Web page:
Another Shark Tank survivor agrees on the power of working demos. Cameron Sheldrake, the founder and CEO of Off the Cob tortilla chips, also missed out on funding during his own Shark Tank appearance, but he picked up on the importance of letting the product speak for itself. In his case, it was by filling up the mouths of a few hungry sharks. “Feeding the sharks shut them up at least long enough to make a split-second decision about which question to answer first,” he shared with me. “I filmed right before lunch, and had I not fed them, I think they would have been much more critical.”
Even though he didn’t have a doorbell or an application to demo, Sheldrake says he’d rather let potential investors eat or have them visit his farm than deliver a formal presentation.
“I don’t like PowerPoint decks. I try to forgo them whenever possible, and much prefer face-to-face sit-downs with customers or partners,” he added. “When I won $20,000 from Babson College’s business plan competition [in 2012], I used a PowerPoint, but most of the slides were black screens, so the investors focused on me. When you’re first introducing investors to your business, you want them to listen to you and see your passion, not to have you present them slides to read.”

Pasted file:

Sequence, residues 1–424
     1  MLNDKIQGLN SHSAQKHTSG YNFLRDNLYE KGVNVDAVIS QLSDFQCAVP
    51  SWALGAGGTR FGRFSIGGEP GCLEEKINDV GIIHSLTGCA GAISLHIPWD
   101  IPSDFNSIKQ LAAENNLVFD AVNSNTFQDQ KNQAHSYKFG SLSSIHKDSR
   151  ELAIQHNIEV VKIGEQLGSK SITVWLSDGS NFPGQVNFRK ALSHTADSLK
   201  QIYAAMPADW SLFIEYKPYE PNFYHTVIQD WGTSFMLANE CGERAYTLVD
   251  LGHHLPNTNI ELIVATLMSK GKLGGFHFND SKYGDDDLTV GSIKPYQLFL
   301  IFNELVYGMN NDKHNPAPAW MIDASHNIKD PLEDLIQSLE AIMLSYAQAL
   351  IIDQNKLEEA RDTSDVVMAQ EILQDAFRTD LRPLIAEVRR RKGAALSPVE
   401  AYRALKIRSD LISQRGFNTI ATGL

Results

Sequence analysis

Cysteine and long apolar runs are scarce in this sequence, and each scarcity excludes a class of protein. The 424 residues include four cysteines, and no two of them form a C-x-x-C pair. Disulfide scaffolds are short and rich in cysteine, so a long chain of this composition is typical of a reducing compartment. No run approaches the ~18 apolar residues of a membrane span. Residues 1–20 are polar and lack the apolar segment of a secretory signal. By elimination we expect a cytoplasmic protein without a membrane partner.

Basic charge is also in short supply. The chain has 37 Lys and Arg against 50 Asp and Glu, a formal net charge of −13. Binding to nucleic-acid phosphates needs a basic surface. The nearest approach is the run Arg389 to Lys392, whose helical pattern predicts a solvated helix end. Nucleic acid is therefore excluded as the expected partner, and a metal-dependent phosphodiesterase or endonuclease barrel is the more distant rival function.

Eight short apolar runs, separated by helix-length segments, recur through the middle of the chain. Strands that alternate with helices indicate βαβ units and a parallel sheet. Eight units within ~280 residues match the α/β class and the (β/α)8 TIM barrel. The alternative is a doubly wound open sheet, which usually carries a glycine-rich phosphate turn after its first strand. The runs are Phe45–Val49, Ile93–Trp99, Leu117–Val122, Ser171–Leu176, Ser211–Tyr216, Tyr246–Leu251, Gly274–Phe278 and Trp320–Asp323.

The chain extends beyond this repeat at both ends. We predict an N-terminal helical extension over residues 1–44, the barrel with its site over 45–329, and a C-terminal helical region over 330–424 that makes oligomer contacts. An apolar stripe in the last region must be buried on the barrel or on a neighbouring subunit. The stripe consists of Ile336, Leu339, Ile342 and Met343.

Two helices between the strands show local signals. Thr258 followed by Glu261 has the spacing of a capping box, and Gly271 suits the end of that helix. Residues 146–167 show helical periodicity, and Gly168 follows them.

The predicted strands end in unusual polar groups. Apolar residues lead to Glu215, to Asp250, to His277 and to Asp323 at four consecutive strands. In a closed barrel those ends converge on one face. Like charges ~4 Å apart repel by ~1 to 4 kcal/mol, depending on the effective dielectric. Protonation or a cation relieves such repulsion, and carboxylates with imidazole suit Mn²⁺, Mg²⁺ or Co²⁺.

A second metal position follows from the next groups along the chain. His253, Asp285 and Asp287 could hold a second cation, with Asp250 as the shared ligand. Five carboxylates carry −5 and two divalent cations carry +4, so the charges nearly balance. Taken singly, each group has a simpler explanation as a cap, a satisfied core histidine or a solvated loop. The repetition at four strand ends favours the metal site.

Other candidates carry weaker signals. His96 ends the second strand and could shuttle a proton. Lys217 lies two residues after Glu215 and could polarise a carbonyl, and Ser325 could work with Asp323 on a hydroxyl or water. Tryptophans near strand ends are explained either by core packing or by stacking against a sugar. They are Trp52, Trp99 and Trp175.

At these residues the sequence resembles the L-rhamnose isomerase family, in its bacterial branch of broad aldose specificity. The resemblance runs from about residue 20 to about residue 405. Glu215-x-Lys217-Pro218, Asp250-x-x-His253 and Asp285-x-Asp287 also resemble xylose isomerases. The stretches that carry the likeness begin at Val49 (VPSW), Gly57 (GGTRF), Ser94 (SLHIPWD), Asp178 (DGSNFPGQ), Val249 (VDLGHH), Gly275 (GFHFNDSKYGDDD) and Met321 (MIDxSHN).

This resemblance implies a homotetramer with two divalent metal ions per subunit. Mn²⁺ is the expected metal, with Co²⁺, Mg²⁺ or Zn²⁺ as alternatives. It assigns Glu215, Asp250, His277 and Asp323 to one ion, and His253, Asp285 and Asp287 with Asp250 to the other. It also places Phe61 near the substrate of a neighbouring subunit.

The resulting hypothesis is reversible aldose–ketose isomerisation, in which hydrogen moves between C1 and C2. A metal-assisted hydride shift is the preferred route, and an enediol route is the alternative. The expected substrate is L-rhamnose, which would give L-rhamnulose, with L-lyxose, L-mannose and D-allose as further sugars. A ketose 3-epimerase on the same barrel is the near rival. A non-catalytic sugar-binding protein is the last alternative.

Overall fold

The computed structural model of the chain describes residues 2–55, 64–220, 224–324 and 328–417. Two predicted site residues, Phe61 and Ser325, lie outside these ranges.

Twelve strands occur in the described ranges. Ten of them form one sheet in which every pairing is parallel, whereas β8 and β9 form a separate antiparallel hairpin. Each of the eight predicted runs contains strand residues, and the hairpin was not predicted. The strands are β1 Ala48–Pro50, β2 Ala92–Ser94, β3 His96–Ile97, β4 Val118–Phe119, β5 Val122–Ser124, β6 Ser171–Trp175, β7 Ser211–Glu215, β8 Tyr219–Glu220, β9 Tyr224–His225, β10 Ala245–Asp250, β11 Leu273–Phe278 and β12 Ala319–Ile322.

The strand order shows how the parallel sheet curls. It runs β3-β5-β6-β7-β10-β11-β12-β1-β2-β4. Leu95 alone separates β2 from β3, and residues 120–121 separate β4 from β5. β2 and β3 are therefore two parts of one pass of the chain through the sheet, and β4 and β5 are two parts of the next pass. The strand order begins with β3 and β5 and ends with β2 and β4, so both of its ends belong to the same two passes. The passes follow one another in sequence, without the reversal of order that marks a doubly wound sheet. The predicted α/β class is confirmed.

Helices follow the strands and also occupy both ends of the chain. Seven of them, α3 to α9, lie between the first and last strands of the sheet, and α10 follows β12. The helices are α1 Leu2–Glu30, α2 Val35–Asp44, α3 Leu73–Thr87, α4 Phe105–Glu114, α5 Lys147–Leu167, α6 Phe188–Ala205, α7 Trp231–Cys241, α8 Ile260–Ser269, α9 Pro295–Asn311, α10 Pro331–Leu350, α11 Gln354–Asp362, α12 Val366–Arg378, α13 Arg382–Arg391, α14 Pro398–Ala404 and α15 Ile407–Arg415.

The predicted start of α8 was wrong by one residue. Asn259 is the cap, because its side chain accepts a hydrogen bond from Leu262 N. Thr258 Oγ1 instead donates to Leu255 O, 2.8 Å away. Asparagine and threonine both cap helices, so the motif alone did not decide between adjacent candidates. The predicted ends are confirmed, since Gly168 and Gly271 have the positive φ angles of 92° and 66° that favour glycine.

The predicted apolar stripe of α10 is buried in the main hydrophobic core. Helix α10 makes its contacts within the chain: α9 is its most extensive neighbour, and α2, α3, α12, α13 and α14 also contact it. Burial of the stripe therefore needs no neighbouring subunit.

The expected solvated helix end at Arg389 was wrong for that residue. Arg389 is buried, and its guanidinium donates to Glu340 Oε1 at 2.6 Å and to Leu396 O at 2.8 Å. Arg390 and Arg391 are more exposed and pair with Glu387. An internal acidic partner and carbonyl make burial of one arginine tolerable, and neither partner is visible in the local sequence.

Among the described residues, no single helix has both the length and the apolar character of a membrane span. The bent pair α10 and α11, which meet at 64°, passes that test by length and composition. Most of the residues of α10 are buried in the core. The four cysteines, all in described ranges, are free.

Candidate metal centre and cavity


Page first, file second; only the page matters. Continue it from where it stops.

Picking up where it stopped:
Doorbells and tortilla chips are physical products. So what can entrepreneurs do when they don’t have a product or service that naturally plays well for demos? Enter props.
For Shark Tank, Sheldrake brought along a corncob–the source of his unique chips–to add to the narrative. “I asked the audience a question to engage them,” he recalls. “‘Did you know most chips are made of hard, dry corn?’ I then used corn as my prop, to show what makes my product different.”
Finding the time and place to deploy a good prop is key. This usually needs to happen early in the pitching process to venture capitalists, before a final meeting is set with senior partners.
With Ring, Siminoff has tried to speak with investors on their own turf and in the office before any final pitch takes place.